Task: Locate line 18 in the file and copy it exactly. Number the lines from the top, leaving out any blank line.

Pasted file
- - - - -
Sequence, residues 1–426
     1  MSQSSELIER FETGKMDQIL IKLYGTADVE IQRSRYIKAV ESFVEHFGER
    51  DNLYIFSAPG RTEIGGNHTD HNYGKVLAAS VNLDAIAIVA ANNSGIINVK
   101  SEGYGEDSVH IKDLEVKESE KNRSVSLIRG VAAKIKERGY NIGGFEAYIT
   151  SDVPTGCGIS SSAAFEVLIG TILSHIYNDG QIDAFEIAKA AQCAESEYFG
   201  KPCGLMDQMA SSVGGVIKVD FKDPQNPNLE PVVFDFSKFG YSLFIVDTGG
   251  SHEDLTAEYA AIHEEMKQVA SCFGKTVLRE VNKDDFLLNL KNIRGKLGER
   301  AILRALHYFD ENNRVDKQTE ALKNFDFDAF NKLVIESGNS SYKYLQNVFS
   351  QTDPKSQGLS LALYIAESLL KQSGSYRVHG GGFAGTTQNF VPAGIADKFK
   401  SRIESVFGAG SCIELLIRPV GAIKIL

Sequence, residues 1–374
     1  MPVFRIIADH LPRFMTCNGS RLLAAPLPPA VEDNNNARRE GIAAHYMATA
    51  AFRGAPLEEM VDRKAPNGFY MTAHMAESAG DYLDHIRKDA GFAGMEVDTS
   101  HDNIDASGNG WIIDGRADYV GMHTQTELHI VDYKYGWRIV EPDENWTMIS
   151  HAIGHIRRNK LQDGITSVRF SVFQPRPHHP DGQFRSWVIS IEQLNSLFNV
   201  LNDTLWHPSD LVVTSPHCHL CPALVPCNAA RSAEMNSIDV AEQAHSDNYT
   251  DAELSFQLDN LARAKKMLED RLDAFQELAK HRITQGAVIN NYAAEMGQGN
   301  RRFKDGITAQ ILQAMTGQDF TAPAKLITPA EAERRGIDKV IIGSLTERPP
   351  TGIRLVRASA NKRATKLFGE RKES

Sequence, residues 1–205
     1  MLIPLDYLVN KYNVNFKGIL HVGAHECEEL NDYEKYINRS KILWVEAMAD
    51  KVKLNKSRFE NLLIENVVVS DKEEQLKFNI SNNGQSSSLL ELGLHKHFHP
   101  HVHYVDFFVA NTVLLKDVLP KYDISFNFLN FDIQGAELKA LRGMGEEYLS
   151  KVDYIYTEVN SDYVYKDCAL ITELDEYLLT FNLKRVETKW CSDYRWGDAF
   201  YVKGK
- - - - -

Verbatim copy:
   301  RRFKDGITAQ ILQAMTGQDF TAPAKLITPA EAERRGIDKV IIGSLTERPP